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Tijdschrift PROCES x Jaar 2010 x

    How can the social environment of a prison be accurately assessed? Why is it important to measure? How should the prison experience be represented in empirical research? How do we capture distinctions between prisons, which can be good or bad in so many different ways? There is considerable consensus about the inadequacy of narrow and selective performance measures, such as hours spent in purposeful activity or serious assaults, in representing prison quality. The difficulties are both methodological and conceptual. This paper will outline one attempt to address these questions in England and Wales. Based on a series of studies aimed at identifying and measuring aspects of prison life that ‘matter most’, prisoners describe stark differences in the moral and emotional climates of prisons serving apparently similar functions. The ‘differences that matter’ are in the domain of interpersonal relationships and treatment. A developmental programme of empirical research on the quality of life in prison suggests that (a) some prisons are more survivable than others and (b) important differences in identifiable aspects of prison quality exist and may be related to outcomes. These findings have implications for our understanding of the meaning of terms like ‘inhuman and degrading’ treatment as well as for our uses and expectations of the prison.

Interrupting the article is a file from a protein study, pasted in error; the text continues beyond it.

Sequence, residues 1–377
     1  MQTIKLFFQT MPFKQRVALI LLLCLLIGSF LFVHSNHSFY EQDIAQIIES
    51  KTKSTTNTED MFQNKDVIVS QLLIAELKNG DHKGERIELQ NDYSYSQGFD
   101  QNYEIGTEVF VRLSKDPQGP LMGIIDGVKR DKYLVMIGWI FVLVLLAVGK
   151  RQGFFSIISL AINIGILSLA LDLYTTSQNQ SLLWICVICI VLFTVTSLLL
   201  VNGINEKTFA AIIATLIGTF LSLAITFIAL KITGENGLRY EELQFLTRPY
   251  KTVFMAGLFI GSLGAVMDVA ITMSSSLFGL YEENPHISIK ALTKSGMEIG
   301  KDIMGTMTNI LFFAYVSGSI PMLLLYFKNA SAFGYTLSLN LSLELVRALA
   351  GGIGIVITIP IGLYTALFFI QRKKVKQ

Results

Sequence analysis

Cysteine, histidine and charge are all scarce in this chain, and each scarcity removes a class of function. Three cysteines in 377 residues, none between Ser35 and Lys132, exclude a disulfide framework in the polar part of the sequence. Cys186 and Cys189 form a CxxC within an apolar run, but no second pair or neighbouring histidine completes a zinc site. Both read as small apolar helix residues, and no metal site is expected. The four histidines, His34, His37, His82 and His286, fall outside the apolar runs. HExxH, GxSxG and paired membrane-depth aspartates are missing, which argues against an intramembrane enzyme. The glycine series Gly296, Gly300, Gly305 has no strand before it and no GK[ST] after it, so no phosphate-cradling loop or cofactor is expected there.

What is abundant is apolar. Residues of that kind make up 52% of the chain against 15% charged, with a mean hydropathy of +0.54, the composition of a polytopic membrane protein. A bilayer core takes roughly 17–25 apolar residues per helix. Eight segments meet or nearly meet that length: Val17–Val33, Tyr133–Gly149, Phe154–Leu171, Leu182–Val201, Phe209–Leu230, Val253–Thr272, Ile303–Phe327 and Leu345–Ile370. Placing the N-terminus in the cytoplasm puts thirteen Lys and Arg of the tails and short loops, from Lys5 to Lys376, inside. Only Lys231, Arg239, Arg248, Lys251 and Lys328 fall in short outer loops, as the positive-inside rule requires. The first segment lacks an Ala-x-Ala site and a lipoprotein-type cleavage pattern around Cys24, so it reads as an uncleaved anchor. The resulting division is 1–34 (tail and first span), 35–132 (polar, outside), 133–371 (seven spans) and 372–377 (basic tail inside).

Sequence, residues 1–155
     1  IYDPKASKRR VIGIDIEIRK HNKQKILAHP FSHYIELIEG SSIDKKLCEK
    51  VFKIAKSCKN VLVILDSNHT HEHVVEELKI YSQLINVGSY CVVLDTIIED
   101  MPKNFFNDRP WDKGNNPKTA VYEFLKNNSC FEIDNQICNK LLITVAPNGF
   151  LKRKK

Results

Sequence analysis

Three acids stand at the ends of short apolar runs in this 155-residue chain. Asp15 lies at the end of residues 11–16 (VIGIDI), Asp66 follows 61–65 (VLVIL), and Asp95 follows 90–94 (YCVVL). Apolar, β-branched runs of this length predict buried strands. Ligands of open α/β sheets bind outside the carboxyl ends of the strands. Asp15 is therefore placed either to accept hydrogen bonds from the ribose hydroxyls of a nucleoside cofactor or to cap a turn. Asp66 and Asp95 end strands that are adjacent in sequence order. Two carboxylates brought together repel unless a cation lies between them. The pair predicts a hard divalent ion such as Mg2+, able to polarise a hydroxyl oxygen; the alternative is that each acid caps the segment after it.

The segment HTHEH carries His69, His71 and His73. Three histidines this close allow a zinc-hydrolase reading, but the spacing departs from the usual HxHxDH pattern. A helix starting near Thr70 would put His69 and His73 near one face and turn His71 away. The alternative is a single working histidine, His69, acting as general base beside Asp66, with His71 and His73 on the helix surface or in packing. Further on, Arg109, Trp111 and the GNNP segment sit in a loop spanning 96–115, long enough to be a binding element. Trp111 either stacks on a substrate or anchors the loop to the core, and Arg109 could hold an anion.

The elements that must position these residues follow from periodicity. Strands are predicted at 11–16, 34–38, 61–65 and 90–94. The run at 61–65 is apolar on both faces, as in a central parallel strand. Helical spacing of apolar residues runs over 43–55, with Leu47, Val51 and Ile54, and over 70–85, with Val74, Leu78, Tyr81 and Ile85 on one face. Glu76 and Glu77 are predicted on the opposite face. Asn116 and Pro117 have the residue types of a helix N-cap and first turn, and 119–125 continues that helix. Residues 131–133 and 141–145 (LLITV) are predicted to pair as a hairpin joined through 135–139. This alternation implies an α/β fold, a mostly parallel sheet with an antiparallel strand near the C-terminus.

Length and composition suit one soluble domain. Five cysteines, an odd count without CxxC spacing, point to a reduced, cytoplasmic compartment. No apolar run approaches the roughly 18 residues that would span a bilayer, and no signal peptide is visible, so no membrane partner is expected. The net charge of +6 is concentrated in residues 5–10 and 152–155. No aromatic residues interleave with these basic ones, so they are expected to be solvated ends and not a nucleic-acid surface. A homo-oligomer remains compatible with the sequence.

Alison Liebling
Alison Liebling is hoogleraar Criminology & Criminal Justice aan de Universiteit van Cambridge en is directeur van het Prison Research Centre.
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